1. The lowest level is the grid level where multifunctional meters acquire customer data. This is where demand and energy are measured and the flexible tariff metering transmits the data over the low-voltage power grid to the utility’s 60 transformer substations using powerline carrier technology.

2. In low-voltage transformer substations, data concentrators collect the meters’ consumption data and the grid’s telecontrol data. The concentrated data is forwarded to the control center via a fiber-optic network that encompasses six nodes to form a fiber-optic ring. The data concentrators calculate the powerline- and transformer-related load data so that the load on the network infrastructure can be controlled.

3. Further data concentrators in the higher-level transformer substations collect and concentrate the data from the lower-level transformer substations and convert it for the necessary communication interfaces.

4. In the control center, two redundant transaction servers and an operator station with a connection to the business management level of the company exist. The transaction servers acquire all data, process it and then forward it to applications such as invoicing, collection and load profile data evaluation or load management.

In the event of customer complaints, the multifunctional meters permit instant diagnosis from the control center. For example, the meter can determine whether a fault is the responsibility of the grid operator or the customer’s equipment. The control center can respond in a matter of seconds. Via the integrated two-way communication, switching commands can be transmitted and devices adapted to the power supplier’s and grid operator’s requirements by remote parameterization.

If the meter is too far from the data concentrator, the multifunctional meter automatically functions as a repeater, thus providing redundancy. For example, if the transformer fails, the field devices of an area supplied by that transformer can connect to another transformer. In this way, for example, any connections can be implemented in the low-voltage network for maintenance work.

The centralized network management system configures the telecommunications equipment and data concentrators much more efficiently than was possible by separate management systems. All parameters of the multifunctional meters are administered centrally in parameter profiles and coordinated with the customer contract data and higher-level IT systems. Redundancy at this level includes support of a “hot standby” concept in which the hardware and software are duplicated in two separate systems.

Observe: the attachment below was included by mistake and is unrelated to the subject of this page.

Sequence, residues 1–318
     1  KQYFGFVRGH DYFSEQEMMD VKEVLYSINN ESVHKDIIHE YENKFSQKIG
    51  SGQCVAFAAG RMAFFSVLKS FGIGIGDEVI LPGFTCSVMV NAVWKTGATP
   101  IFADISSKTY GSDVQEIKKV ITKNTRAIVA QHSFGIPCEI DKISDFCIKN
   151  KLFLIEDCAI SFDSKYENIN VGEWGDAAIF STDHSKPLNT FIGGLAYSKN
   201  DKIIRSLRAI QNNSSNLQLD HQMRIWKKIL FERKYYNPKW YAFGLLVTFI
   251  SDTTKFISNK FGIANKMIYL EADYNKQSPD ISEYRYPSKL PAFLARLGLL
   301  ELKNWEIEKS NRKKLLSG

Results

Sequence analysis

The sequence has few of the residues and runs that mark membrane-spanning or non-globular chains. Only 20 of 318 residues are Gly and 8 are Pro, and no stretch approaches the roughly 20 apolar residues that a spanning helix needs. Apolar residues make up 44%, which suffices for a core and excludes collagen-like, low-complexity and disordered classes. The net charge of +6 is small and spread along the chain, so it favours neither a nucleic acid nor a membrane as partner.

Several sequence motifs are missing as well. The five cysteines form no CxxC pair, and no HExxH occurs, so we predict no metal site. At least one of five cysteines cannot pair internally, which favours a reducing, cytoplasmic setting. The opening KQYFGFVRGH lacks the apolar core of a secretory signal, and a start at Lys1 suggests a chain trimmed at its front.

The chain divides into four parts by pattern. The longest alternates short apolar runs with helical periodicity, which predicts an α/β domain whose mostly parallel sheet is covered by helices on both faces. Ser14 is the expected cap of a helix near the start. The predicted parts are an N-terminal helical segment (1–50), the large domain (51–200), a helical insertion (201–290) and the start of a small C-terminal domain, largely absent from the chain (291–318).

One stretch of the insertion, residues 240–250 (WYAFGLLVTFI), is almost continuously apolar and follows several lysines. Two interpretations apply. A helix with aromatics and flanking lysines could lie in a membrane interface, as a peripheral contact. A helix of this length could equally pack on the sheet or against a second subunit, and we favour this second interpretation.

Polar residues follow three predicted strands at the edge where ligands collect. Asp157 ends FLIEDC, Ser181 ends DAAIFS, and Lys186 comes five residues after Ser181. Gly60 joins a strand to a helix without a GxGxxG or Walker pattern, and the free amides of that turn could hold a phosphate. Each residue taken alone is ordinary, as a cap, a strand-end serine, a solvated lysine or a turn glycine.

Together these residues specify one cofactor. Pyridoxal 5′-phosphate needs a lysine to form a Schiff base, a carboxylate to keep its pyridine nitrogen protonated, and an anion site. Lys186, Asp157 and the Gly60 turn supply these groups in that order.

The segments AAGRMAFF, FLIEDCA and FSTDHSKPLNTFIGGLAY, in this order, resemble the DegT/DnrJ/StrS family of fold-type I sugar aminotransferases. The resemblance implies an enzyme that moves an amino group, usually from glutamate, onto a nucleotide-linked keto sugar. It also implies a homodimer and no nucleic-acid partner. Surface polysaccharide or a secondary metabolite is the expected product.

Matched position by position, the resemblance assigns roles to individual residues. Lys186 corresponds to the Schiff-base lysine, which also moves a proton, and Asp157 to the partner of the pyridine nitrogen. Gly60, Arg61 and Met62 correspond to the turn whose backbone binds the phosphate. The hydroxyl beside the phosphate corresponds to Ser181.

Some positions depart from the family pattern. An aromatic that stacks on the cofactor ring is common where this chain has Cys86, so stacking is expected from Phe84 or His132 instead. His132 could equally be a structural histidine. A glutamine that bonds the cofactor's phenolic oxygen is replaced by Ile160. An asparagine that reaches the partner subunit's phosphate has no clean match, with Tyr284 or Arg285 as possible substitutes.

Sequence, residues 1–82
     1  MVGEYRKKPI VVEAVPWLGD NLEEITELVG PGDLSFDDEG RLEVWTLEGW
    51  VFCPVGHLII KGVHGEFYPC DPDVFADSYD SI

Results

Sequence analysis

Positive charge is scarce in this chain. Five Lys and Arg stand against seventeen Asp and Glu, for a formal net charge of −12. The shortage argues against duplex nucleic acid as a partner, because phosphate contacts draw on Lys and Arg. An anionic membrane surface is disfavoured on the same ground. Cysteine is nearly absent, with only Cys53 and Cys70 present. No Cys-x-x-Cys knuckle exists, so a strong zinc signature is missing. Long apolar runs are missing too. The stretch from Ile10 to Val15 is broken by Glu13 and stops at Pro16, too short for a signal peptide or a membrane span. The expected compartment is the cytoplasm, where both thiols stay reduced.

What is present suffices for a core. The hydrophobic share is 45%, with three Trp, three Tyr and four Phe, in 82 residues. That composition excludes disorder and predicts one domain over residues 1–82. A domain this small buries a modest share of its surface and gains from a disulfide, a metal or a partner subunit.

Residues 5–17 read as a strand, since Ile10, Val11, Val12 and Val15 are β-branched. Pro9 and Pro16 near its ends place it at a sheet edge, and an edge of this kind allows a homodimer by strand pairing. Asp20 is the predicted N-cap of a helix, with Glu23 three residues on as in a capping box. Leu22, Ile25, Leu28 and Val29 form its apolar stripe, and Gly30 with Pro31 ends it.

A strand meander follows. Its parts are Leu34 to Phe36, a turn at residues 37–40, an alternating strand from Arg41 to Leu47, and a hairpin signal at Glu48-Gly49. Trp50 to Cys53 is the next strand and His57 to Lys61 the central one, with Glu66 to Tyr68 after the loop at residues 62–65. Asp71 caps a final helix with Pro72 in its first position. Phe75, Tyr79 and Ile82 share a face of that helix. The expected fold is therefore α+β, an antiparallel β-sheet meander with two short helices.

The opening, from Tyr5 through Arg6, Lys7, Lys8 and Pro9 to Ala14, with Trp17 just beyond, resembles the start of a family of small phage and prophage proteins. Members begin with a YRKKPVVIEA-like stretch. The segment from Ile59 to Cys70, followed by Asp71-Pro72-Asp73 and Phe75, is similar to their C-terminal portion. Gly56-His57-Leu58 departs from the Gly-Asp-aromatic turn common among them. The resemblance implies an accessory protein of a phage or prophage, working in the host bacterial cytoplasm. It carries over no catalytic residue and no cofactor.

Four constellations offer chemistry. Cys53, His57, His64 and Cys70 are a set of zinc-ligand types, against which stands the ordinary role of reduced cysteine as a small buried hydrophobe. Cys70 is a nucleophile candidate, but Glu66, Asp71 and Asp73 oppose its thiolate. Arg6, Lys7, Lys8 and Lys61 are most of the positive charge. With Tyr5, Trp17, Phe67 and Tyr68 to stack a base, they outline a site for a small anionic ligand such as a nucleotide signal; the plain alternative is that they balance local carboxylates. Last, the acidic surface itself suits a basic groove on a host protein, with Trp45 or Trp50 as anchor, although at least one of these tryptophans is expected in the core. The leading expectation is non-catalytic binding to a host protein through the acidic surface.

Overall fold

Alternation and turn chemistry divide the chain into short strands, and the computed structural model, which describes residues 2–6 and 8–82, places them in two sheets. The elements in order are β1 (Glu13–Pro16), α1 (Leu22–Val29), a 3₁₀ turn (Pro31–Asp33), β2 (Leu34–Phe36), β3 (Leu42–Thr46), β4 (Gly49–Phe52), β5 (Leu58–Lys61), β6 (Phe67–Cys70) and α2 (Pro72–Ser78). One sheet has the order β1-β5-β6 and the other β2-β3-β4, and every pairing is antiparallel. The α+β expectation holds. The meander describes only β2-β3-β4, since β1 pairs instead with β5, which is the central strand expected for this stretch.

Additional Advantages


One practical advantage is that the utility can control power supply flexibly. Previously, for example, the street lighting of the area supplied could be switched only on or off in unidirectional communication via the ripple control units. Today, however, the control center can switch street lights on or off on a selection of streets. It can, for example, light up individual streets and squares for special occasions. The control center receives feedback about the current switching states, but normally it allows the load switching elements to operate autonomously according to a specification.

The automated metering system is real-time capable and permits energy consumption billing that is easy for the customer to understand. Load data can be stored for the previous 60 days. Functions not considered decisive for individual households today may become important in the future when flexible price structures encourage consumers to adjust their behavior.

Even if a customer wishes to change his or her power supplier to meet changing requirements, the necessary reprogramming can be performed from the control center. This enables the customer to purchase power from the cheapest supplier under varying load conditions. The multifunctional meter can even transmit load data via the transaction servers directly to the billing system of the other power supplier.

Additionally, the metering system can ensure long-term investment protection through a modular expansion concept at every system level. Consequently, the meters with their interfaces for expansion modules represent an open communications platform over which future home automation services can be implemented and gas, water and district heating meters can be integrated. Furthermore, a DLC modem integrated in the terminal devices and data concentrators should be realized entirely in the firmware, both with regard to the physical layer as well as the communication protocol. As a result, it can be Wolfgang Bauer is solution lifecycle manager for Siemens’ specific automated metering system: the Automated Metering and Information System (AMIS), Sector Energy, Siemens AG.